When Bad Food Goes Good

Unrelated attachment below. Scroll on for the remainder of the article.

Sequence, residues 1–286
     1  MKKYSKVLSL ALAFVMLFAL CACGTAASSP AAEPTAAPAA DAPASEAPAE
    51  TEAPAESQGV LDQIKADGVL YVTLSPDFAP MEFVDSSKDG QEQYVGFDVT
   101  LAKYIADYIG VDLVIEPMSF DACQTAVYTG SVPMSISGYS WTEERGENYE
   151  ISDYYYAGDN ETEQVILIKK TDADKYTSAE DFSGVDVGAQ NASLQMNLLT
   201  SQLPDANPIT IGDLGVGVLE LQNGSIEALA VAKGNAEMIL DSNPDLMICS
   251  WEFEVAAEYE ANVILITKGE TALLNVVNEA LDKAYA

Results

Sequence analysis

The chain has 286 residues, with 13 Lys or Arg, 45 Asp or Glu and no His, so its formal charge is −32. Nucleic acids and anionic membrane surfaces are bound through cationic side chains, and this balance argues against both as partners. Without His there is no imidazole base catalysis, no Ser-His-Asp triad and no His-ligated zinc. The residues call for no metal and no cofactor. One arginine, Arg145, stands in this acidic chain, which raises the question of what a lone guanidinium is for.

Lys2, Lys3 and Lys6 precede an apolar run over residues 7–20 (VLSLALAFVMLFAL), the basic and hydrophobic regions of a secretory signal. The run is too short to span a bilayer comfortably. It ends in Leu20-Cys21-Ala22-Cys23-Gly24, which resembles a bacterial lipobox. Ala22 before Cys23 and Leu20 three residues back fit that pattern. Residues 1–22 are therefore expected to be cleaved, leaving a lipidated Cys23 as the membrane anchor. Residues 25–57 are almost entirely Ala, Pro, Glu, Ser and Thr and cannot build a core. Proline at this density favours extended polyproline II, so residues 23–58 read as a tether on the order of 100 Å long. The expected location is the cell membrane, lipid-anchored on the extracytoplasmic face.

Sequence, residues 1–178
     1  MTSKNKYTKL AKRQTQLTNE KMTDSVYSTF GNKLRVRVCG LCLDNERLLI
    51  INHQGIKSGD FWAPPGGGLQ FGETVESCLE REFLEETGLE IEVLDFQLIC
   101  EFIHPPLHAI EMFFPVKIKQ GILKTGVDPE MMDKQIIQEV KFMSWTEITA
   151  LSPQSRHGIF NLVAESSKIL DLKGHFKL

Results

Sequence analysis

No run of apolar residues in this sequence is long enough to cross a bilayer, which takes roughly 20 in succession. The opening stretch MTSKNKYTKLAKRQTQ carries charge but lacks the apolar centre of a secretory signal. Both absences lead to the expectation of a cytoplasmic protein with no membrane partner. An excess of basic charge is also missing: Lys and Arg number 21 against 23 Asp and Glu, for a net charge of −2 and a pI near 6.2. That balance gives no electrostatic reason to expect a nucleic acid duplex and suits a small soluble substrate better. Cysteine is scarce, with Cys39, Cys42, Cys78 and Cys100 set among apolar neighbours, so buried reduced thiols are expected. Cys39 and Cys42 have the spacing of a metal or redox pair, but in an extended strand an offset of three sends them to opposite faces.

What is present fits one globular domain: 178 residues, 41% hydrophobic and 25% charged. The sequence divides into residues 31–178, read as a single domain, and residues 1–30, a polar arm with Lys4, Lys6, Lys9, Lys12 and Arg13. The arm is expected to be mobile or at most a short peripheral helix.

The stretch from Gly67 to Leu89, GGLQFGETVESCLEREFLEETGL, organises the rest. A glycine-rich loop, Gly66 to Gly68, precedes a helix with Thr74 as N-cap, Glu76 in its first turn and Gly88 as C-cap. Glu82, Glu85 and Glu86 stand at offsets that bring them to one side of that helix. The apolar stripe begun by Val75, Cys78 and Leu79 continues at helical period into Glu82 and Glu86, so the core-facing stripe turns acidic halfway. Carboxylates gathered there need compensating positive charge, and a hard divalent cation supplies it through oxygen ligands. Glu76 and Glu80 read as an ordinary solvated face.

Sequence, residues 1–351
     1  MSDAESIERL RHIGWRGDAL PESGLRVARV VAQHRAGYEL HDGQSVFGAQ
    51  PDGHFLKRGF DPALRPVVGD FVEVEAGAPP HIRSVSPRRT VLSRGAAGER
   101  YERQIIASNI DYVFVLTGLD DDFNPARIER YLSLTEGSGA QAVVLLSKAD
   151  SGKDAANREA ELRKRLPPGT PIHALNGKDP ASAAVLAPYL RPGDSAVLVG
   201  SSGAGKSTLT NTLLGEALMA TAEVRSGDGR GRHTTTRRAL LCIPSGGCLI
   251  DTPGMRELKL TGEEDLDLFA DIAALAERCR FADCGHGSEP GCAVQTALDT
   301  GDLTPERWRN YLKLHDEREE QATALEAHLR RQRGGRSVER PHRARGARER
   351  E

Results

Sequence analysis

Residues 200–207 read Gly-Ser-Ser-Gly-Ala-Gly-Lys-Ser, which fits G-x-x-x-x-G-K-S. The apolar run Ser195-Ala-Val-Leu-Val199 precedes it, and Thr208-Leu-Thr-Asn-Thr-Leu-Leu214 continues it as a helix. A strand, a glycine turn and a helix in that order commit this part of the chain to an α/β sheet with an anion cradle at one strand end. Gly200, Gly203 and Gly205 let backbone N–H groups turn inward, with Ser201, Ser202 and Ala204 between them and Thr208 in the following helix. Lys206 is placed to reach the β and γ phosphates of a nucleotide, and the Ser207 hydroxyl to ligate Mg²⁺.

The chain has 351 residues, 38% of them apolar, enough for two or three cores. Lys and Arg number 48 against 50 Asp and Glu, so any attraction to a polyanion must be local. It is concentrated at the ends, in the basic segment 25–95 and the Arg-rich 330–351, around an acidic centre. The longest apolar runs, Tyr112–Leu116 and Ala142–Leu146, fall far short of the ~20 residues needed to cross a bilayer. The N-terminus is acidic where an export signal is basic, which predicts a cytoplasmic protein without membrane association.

Life's become way too complicated. Not only do you have to choose which of the movies at the new 48-multiplex you'd rather fall asleep during, stare at the Prevue Guide so long waiting for all the channels to scroll by that you fall into a trance and never get to see an actual show, and try to decide which lame imitation of pizza you want to have delivered, but somehow you have to figure out which foods are safe to eat today and which ones aren't.It used to be simple -- you just ate whatever you wanted. Sure, you might end up overweight, undernourished, or in need of having Roto-Rooter come clean out your arteries, but at least you were happy. Then doctors and scientists got into the act. They methodically set up studies, analyzed the data, and before you knew it they accomplished what they set out to do -- take all the fun out of eating.The list of what's bad for you goes on and on: coffee, butter, fried food, fat, sugar, red meat, and anything that tastes real good. After you finish clearing your refrigerator of the offenders all you'll have left is a head of wilted lettuce, some half-eaten pickles, a bottle of Evian, and something in the back that you can't identify because of the furry green mold growing on it but you keep it anyway because it's still bound to be better for you than that other junk.These same scientists, trying not to be total cocktail party poopers, next sat down and decided that there are foods which are actually good for you. You know, things like oat bran, rice cakes, olive oil, any fish that has less mercury in it than a thermometer, red wine, and Hostess Snowballs, especially the holiday ones that come in bright green and red.Mind you, these weren't real scientists that made these discoveries, these were scientists who run around wearing lab coats poking, prodding, and eating long expense account lunches while getting big weekly pay checks from the food companies. Real scientists, on the other hand, run around wearing lab coats poking, prodding, and eating long expense account lunches too, but they get their big weekly pay checks from cushy government grants.The reason the food companies got behind all this research is that they're civic minded and have your best interests at heart. Right, and you go to Hooters for the chicken wings too. No, the real reason they did this is so they could put labels on products that say salt is "100 percent Fat Free!" and Oreo O's cereal "May not promote heart disease as much as a Crisco, bacon, and mayonnaise sandwich" in order to fool you into buying the products instead of something that's good for you. And, coincidentally, doesn't help pay their salary.Then things started to get real confusing. First they said eggs were good for you. Then they decided they were bad for your cholesterol and you shouldn't eat many of them. Now they claim they're not as bad as they thought, but only if you're a male over the age of 20 who graduated high school without cutting a finger off in shop class and scrambles them on the second Sunday of any month that ends in 'e'. Hell, even Santeria spells aren't this complicated.Now, however, we have word of the best discovery yet: chocolate may be the Fountain of Youth. This is true, at least according to scientists at Harvard University's School of Public Health (motto: "You'll listen to us if you know what's good for you."). After studying 7,841 male graduates they found that those who ate chocolate and candy lived almost a year longer than those who didn't. Of course, what they neglected to say was that they also had more cavities, more pimples, and more spare tires hanging over their belts, but the important point is they had an extra year in which to enjoy it all.Apparently it took as little as three chocolate bars a month to cause this increase in lifespan, which is pretty good when you figure you have to take a vitamin every day just to help the drug companies stay in business. Don't be surprised if you walk into the store any day now and see Hershey's bars with a banner across them reading: "A Bar a Day Keeps the Grim Reaper Away."As if that isn't enough good news to hold us until the Y2K bug sends us back to the ice age and only those who hoarded pencils with erasers survive, now it turns out that ketchup may help reduce your chance of getting cancer. This information comes to you courtesy of Heinz, the company which sells 48 percent of the ketchup in the world and is launching a public-minded ad campaign to promote the health benefits of ketchup.It seems that aside from tomato concentrate made from red ripe tomatoes, distilled vinegar, high fructose corn syrup, corn syrup, salt, onion powder, spice, and natural flavoring, ketchup also contains lycopene, an antioxidant that not only causes the red color in tomatoes but also protects the body from free radicals. Contrary to what you might think, free radicals aren't the Mideast terrorists who blew up Pan Am flight 103, but rather sneaky little molecules that attack our DNA with teeny tiny bombs that somehow get through the body's security checkpoint system, proving that what our bodies really need are x-ray machines with sleepy guards at the helm. The fact that ketchup sales have been flat and salsa has become the number one condiment in the United States has nothing to do with this campaign. Okay, maybe a little. But since salsa is also made with lycopene-filled tomatoes, don't be surprised to see Taco Bell get into the act with a new ad campaign urging you to "Run for the border with a reduced risk of getting cancer."So the next time you're out having lunch and dumping ketchup on your carcinogenically grilled hamburger, nitrate-filled hot dog, and fat-soaked French fries, take heart in the fact that you're helping your body fight off cancer. Then go eat your month's supply of three candy bars and pat your stuffed stomach, safe in the knowledge that you're doing your bit to prolong your life. Staying healthy has never been so tasty.